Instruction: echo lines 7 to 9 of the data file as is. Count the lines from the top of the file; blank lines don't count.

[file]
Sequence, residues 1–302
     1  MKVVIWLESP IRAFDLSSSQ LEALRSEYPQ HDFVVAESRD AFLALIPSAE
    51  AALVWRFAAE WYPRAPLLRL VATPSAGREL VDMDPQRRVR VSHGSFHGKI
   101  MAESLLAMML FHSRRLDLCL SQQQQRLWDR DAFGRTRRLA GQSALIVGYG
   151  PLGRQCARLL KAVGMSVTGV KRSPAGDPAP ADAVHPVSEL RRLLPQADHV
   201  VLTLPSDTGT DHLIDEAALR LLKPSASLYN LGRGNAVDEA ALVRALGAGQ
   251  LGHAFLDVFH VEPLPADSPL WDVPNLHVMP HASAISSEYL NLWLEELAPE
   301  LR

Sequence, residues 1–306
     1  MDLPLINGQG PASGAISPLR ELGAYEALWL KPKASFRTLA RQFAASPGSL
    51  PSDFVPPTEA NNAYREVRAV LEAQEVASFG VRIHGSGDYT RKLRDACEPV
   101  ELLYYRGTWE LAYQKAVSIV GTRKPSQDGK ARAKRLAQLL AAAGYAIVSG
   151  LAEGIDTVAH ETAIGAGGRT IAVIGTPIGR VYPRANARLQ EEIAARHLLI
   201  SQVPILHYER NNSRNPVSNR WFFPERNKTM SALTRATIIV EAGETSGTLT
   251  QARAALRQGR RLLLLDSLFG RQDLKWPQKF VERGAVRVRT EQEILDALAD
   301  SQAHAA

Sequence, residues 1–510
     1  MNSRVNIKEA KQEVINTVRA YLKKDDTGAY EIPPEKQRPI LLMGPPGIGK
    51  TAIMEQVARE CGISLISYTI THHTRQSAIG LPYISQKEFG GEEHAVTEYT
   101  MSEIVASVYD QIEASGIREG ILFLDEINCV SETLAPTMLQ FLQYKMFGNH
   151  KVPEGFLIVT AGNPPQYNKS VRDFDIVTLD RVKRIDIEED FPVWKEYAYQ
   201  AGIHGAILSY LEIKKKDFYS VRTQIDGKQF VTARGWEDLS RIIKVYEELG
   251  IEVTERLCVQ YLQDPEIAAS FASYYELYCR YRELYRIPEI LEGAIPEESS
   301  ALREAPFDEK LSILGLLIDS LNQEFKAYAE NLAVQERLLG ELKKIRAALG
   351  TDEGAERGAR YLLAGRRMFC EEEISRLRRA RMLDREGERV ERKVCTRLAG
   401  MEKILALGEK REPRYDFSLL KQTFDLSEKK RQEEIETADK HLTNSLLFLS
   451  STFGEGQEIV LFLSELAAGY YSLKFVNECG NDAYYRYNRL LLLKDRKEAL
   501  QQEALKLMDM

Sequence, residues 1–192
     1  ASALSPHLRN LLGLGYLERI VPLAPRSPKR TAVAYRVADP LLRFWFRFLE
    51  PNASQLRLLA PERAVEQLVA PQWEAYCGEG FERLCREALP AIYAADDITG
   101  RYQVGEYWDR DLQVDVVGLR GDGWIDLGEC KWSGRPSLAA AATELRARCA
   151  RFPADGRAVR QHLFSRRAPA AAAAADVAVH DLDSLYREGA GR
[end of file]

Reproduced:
   251  LGHAFLDVFH VEPLPADSPL WDVPNLHVMP HASAISSEYL NLWLEELAPE
   301  LR

Sequence, residues 1–306